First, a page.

In La Guerre du Feu (published in 1911), the time period is roughly 80,000 years ago and it features a village culture that would not exist for another 70,000 years at the earliest!

Well, it’s called “fiction” for a reason, but as we all know on this site, historical accuracy is still very important. It just gets a lot trickier when the historical record has so many gaps and deficiencies. And then in my case, I added a further complication to my story-telling: time travel from the modern to the prehistoric. But traveling through time is relatively easy to deal with in writing. It’s called: magic.

Many thanks, Harald. As always a fascinating look at your writing and the time period you’ve chosen. Best wishes for success.

Neander: A Time Travel Adventure by Harald Johnson ~~ At an archeological dig in Gibraltar, a boat explosion shatters the hopes of science journalist Tom Cook. His pregnant fiancée was on the boat and is missing. During the search, things go from bad to worse when Tom plunges through a time portal and into the strange and dangerous era of the Neanderthals. Can he get back, or is he stuck in the past forever?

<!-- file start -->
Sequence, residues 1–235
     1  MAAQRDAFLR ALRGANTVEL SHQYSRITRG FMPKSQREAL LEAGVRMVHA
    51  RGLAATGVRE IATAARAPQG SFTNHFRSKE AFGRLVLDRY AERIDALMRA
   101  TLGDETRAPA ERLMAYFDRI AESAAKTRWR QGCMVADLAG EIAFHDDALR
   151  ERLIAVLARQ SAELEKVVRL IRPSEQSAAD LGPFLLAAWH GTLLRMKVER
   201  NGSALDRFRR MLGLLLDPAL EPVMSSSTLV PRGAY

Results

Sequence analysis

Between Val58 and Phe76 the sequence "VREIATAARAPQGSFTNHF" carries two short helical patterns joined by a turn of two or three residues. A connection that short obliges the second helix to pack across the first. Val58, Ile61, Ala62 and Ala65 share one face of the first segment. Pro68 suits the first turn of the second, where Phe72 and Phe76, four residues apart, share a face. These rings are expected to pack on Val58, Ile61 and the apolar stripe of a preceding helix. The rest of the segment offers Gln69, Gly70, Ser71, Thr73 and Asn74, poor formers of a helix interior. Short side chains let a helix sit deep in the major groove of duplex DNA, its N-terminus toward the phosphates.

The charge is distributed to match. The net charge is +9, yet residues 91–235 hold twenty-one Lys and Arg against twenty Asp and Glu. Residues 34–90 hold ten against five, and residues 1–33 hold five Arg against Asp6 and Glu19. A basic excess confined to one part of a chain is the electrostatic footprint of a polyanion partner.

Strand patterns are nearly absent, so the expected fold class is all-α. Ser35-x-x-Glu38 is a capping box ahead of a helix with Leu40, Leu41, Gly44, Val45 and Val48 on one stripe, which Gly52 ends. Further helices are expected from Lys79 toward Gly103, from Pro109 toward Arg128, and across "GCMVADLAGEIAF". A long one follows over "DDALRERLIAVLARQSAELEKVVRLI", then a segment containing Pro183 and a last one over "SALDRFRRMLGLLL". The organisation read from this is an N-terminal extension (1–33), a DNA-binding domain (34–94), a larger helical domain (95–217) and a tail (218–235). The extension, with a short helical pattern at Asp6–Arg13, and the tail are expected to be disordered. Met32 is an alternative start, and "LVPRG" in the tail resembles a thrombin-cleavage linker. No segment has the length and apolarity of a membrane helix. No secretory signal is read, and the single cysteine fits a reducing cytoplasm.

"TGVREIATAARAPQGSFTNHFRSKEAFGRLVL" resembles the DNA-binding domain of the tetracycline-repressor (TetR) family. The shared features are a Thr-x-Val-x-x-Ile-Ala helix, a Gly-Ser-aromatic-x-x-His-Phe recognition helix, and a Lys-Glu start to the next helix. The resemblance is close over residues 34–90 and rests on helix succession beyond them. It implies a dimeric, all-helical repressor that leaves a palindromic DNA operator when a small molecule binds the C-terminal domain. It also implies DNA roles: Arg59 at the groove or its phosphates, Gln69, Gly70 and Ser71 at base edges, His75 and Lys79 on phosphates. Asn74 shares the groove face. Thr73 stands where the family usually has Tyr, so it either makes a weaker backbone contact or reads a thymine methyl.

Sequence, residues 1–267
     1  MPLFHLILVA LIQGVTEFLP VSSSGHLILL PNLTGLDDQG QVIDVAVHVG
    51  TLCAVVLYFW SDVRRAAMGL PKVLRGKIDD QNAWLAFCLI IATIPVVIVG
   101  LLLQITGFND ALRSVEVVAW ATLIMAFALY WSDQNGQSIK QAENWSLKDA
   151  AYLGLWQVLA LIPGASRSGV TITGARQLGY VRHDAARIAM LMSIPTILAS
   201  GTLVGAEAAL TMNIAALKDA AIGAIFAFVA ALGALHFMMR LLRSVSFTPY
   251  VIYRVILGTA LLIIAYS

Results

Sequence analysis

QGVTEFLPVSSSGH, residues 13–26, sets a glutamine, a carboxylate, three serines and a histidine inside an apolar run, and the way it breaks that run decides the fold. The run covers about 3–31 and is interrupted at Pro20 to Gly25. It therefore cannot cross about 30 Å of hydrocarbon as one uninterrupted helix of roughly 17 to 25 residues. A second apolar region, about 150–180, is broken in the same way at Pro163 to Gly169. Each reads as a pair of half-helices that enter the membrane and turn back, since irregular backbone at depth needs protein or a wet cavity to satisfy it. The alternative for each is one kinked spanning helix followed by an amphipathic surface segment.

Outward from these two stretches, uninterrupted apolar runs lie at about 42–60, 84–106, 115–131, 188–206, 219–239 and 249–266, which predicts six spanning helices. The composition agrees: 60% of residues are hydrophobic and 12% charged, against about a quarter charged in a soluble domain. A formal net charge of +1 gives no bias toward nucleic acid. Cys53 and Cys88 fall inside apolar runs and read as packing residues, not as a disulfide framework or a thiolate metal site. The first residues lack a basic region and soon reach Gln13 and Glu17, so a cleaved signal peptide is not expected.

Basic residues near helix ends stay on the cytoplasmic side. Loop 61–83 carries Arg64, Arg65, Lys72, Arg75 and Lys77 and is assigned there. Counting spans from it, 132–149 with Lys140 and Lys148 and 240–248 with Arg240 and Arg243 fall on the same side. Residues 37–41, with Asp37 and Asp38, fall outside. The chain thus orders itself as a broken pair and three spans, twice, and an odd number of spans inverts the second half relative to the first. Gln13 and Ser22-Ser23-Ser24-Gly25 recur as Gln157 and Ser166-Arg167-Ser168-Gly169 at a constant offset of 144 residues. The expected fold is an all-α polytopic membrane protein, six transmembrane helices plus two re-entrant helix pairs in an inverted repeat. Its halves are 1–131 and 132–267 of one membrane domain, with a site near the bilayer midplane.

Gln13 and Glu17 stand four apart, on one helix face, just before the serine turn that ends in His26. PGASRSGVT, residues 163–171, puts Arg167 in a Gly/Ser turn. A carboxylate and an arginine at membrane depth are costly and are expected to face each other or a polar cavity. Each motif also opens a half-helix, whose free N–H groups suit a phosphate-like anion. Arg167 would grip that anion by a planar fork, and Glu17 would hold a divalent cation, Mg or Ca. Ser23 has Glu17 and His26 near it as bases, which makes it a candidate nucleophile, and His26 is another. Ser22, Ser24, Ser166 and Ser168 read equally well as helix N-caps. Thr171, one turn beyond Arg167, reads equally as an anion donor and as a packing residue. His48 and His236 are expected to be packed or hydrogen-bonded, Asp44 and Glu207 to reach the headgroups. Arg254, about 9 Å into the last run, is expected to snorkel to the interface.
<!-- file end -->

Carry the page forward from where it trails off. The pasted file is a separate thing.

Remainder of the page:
On top of figuring out how to return to the present, Tom must use his modern-day wits to fight for survival in the world of 40,000 years ago. And contend with a group of archaic humans that are not at all like what he expects. Finally, Tom faces a crucial decision that could alter the course of human history. A history he knows he has the power to change. Will he make the right choice?


M.K. Tod writes historical fiction. Her latest novel, TIME AND REGRET was published by Lake Union. Mary’s other novels, LIES TOLD IN SILENCE and UNRAVELLED are available from Amazon, NookKoboGoogle Play and iTunes. She can be contacted on Facebook, Twitter and Goodreads or on her website

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7 Responses

  1. Thanks for the kind words and for having me, Mary. And if anyone has any questions about our hominid “cousins” (the Neanderthals), let me know. I’ve become a bit of an expert on them!

    1. Thanks, Roland. Yes, once I started diving into the research, there was no looking back; I was hooked.

      1. True but the food available at the time for say Gath and such are hard to get a handle on as well as sketchy versions of their gods. Luckily, my city is fantasy-based but I do hope to bring some of the reality of that biblical time into my story. I do admire your efforts to plunge back into the neander time however. As you said, it would be even more difficult.